Niron Magnetics Partners with General Motors and Marquette University to Develop Drivetrains for Electric Vehicles using Rare-Earth Free Materials

U.S. Department of Energy funded project aims to develop more cost effective and sustainable drivetrain for electric vehicles utilizing Niron’s Clean Earth Magnet™ technology

MINNEAPOLIS–(BUSINESS WIRE)–Niron Magnetics, the company that has developed the world’s first advanced manufacturing process for the mass production of high performance, rare-earth free permanent magnets, today announced a partnership with Marquette University and General Motors to develop the next generation of electric vehicle drivetrains through a $5 million grant from the Department of Energy.

Demand for electric and hybrid vehicles continues to grow and new forecasts predict that they will account for an estimated 30% of all vehicle sales by 2025. However, the drivetrains traditionally utilized in EV and HV designs are powered by rare-earth materials, which are predicted to experience a shortage by 2030, hindering long-term growth potential.

Dr. Ayman El-Refaie, Werner Endowed Chair in Secure/Sustainable Energy and professor of electrical and computer engineering at Marquette University will serve as the lead on the three-year DOE Vehicle Technologies Office project that seeks to meet and even exceed the DOE targets around metrics such as max torque, power, speed current and bus voltage as demand for electric vehicles continues to grow, without the use of rare earths.

“We are very excited about teaming with Niron Magnetics on this project and see their Iron Nitride permanent magnets as a key enabling technology to achieve our project objectives,” said Dr. El-Refaie. “Beyond this project, Niron’s technology will help achieve higher performance in electrical machines over a broad range of applications. We are very much looking forward to working with their team.”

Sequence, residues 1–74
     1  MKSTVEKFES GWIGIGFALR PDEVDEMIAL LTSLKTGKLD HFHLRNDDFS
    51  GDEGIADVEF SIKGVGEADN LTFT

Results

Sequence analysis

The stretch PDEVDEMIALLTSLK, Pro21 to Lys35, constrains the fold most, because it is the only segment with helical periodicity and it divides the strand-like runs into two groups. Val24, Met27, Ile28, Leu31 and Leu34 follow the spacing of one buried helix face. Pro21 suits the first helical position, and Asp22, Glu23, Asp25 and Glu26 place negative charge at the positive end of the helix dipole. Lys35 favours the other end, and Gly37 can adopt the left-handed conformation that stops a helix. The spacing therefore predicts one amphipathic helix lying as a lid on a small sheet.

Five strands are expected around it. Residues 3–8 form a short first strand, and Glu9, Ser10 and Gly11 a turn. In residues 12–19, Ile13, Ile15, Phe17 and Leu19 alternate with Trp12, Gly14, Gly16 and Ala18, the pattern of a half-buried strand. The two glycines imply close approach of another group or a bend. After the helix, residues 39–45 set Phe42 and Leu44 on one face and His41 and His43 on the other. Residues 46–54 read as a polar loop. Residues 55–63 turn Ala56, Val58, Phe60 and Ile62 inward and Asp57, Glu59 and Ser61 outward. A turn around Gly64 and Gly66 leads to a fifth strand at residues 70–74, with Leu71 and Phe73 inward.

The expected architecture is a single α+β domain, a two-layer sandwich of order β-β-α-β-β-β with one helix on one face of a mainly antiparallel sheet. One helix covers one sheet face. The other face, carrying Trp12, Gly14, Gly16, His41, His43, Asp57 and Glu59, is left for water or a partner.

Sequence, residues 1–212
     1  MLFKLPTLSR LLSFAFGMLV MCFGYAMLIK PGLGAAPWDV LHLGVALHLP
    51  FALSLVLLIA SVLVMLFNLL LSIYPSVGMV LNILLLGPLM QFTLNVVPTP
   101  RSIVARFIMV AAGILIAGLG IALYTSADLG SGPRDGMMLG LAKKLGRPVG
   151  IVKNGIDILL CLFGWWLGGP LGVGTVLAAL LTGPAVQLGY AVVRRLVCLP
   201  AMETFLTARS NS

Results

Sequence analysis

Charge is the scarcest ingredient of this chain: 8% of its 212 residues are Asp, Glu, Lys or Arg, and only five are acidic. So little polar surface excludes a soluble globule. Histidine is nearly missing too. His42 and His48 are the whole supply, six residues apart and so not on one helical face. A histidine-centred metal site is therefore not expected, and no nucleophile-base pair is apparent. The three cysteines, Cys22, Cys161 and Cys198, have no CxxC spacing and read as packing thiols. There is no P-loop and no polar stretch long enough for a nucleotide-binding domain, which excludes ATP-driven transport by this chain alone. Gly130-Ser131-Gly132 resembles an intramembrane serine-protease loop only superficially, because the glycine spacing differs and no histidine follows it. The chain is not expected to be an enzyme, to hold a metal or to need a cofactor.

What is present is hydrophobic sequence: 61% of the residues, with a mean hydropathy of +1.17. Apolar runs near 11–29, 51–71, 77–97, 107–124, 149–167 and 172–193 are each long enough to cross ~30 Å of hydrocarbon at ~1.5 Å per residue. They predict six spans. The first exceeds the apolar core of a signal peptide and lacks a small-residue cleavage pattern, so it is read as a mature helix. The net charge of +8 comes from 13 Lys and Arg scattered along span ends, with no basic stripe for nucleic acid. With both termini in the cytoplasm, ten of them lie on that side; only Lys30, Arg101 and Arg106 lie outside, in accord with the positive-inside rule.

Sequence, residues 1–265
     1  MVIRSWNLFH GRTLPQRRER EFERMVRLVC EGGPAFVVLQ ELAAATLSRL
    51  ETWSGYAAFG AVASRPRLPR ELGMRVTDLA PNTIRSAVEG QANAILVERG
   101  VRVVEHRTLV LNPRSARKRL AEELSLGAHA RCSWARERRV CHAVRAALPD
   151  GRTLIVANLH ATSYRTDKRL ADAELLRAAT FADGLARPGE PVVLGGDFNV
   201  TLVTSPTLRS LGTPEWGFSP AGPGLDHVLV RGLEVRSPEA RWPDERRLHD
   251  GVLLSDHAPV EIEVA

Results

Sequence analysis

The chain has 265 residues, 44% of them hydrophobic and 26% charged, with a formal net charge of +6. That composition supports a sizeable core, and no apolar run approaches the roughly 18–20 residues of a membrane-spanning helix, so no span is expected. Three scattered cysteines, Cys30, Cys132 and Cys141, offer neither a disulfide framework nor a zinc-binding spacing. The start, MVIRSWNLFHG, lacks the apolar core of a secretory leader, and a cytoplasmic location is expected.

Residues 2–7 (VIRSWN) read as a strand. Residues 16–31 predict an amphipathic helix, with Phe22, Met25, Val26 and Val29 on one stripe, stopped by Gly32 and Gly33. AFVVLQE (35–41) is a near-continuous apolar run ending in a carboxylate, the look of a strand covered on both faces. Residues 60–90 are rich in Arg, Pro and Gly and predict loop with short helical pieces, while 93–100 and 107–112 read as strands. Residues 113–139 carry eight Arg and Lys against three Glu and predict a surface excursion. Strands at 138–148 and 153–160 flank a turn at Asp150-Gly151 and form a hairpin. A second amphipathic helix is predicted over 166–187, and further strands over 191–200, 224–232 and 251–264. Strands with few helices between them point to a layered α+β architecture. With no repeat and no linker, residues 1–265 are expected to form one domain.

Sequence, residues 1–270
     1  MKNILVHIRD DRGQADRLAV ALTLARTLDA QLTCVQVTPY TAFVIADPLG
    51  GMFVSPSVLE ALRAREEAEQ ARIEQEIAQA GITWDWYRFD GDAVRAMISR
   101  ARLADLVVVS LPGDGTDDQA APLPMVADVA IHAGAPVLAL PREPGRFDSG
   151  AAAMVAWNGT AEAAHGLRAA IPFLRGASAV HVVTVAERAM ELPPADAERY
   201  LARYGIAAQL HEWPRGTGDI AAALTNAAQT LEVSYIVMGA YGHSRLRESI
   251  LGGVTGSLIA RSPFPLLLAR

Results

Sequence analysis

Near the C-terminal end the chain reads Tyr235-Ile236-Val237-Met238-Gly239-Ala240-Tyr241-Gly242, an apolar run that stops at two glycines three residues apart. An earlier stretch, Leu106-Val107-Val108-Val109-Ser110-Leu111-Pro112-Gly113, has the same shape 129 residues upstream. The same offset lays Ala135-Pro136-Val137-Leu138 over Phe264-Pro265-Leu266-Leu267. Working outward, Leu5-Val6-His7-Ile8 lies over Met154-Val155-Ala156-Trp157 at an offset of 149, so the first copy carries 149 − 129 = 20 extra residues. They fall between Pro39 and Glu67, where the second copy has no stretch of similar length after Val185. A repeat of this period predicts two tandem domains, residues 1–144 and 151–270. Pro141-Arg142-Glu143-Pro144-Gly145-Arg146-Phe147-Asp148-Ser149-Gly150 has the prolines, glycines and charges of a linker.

The proposed design incorporates high performance Iron Nitride (FeN) magnets that the team at Niron will be developing. Niron’s Clean Earth Magnet technology does not utilize any rare earth elements and offers several major advantages over traditional magnets, including higher magnetic field strength, enhanced temperature stability, and lower cost input materials and manufacturing. Niron’s magnets have a higher magnetic flux density than conventional Ferrite and NdFeB-based magnets, enabling size and weight reduction in motors without compromising power or torque, which will be critical to meet DOE targets around cost and efficiency.

“This collaboration, along with the other vehicle technology innovation projects funded by the DOE will help shape the future of the transportation sector and increase access to more sustainable options for consumers,” said Frank Johnson, Ph.D., CTO, Niron. “Professor El-Refaie and his team understand the potential our technology has to unlock new possibilities in power generation without the use of rare earths, ensuring that electrics motors of the future are not only more cost effective, but sustainable.”

The project is funded by the Vehicle Technologies Office of the Department of Energy. The National Renewable Energy Laboratory and Virginia Polytechnic Institute and State University are also partnering on the project. To learn more about the $139 million in federal funding from the DOE to advance innovative vehicle technologies, and the other related projects, please visit the Department of Energy’s website.

To learn more about Niron Magnetics and its Clean Earth Magnet™ technology, please visit

Read press release HERE.

About Niron Magnetics
Niron Magnetics is developing the world’s first advanced manufacturing process for the mass production of permanent magnets powered by its breakthrough material formulation. Niron’s proprietary Iron nitride magnets possess inherently higher magnetization and can be produced at a lower cost compared to today’s rare-earth magnets and will enable a revolution in the design of new electric motors and generators. For more information, please visit